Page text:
Exactly 100 years ago on April 6, 1917, the United States declared war on the German empire, formally entering World War I. Across the country, young men and women heard the call of duty and leapt into action. The students of Hillsdale College were no exception.
“We will not choose the path of submission and suffer the most sacred rights of our nation and our people to be ignored or violated,” President Woodrow Wilson said, referring to acts of aggression by Germany in his War Message April 2, 1917. “The wrongs against which we now array ourselves are no common wrongs; they cut to the very roots of human life.”
Hillsdalians in the faculty and the student body connected Wilson’s mission, to “make the world safe for democracy,” to the principles for which Hillsdale College always stood — liberal education, evangelism, and emancipation. In a May 1918 chapel talk, then-college president Joseph Mauck urged students to remember and fight for the ideals of “Christian civilization” and to end the barbarism which gripped Europe.
“The war came to many as a sudden bolt out of the heavens,” Mauck said. “We were stunned. It seemed that the world had lost its moorings and we were adrift in the irrational cosmos. But those who had studied the course of human thought for the last 100 years were not so surprised.”
So many students signed up to help the war effort that the Collegian ran an editorial May 10, 1917, bemoaning the “depopulation of the college.” By May 1918, 192 male students enlisted to serve in the war, and only 12 upperclassmen men remained on campus, according to Professor Emeritus of History Arlan Gilbert’s book, “The Permanent Things: Hillsdale College 1900-1994.”
“Hillsdale men and women in particular will not be one step behind other institutions nor out of harmony with the traditions and spirit of the students of 1861,” a Collegian editorial from the week after the U.S. entered the war said. “May every man of Hillsdale act under his highest convictions, thinking deeply and sanely, when he asks himself the question ‘Are you going to war?’”
One of the connections to Hillsdale’s Civil War experience was Melville Chase, a professor who served in the 9th Maine Infantry in 1864 and 1865. While teaching here in 1914 and 1915, he led military training exercises to prepare students for service in the event that the war in Europe came to embroil the United States.
In total, 368 Hillsdale students served in the military or with support organizations like the Red Cross between 1917 and 1919. Eight men died as a result of disease or military action in the course of the war.
“The part which Hillsdale College played in the war cannot be measured in men and women,” an April 24, 1919 Collegian editorial, “Hillsdale’s part in the war,” said. “The spirit which sent them will continue to move and work among us, influencing every Hillsdale student to bigger and better things.”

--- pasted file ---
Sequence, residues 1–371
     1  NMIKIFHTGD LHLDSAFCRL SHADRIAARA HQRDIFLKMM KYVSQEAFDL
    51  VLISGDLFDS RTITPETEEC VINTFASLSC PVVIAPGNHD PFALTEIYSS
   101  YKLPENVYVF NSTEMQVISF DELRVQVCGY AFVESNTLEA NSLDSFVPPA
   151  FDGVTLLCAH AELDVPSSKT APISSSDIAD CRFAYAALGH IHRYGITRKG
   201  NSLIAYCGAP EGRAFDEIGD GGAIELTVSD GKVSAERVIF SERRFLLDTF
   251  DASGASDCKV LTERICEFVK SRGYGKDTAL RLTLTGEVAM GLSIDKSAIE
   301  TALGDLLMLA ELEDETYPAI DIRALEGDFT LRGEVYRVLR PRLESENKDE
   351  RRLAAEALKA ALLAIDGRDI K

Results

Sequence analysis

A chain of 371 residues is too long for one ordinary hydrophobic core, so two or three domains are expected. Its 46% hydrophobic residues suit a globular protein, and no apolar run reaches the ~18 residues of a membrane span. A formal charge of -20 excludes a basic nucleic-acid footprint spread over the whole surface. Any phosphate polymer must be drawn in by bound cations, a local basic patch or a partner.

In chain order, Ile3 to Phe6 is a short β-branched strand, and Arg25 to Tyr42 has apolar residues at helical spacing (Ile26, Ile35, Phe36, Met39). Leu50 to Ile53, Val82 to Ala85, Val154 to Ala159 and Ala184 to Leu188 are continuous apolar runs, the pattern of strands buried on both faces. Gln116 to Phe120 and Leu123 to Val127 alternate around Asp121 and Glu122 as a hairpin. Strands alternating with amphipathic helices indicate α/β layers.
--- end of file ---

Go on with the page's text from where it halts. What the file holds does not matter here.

Hillsdale’s roll of honor from World War I is long. Students fought at Verdun, Chateau Thierry, Soissons, St. Mihiel, Champagne, the Argonne, and countless other bloody fields in France and Belgium. “Over there,” they won distinction and served with valor. For instance, Pvt. Carleton Bailey was one of the 72 Marines chosen to serve as Wilson’s bodyguards during his visit to France at the end of the war.
“If we go over the top with the best of luck and give ‘em hell, that is enough whatever it costs,” Lt. Winter N. Snow ’16, wrote in a letter from “Somewhere in France” in March 1918.
Another Hillsdale student, Lt. Stephen Jessop ’19, won the French Croix de Guerre “for his ambulance work in the front lines,” Gilbert recounted in his book. “As [Jessop] and his driver were taking wounded men to the rear, an artillery shell demolished the ambulance. Although the driver and one of the wounded were killed, Jessop and an assistant carried the other wounded soldiers a mile and a half through heavy shelling to the rear lines. He later spent six weeks in a hospital recuperating from the effects of being gassed.”
Ed Crisp left the college in 1917 to join the Canadian Army’s Gordon Highlanders. According to Gilbert, his unit immediately left for England, where Crisp joined a sharpshooter school. After training, Crisp spent 15 months in France and fought in multiple battles, frequently winning citations for courage under fire. At Passchendaele, he charged with his unit through deep mud to capture German positions. At the Second Battle of Cambrai, Crisp was wounded while firing a machine gun, afterwards spending five months recovering at a hospital in England.
Other Hillsdale students recognized for valor on the battlefield, however, refused to tell stories about their wartime experiences. For example, Sgt. Marcus Bostwick ’17 won the Croix de Guerre for his bravery at the Battle of Chateau Thierry, but always simply told those who asked for an explanation that he did not know how he won it.
“Despite its huge impact on society, here in America, World War I has been forgotten because the veterans are gone,” college archivist Linda Moore said. “Chains of memory break, and by the time children and grandchildren are interested in their parents and grandparents, it’s often just too late.”
Exactly 100 years ago, the republic called upon Hillsdale students to courageously defend their principles in the face of the thunder of artillery and the rapid fire of machine guns. As they did in 1861 and would do again in 1941 and many other times in the institution’s history, Hillsdale College dedicated itself to service worth memorializing during World War I.
Mr. Lucchese recently interviewed professor of history Thomas Conner on the subject of World War I and Hillsdale College: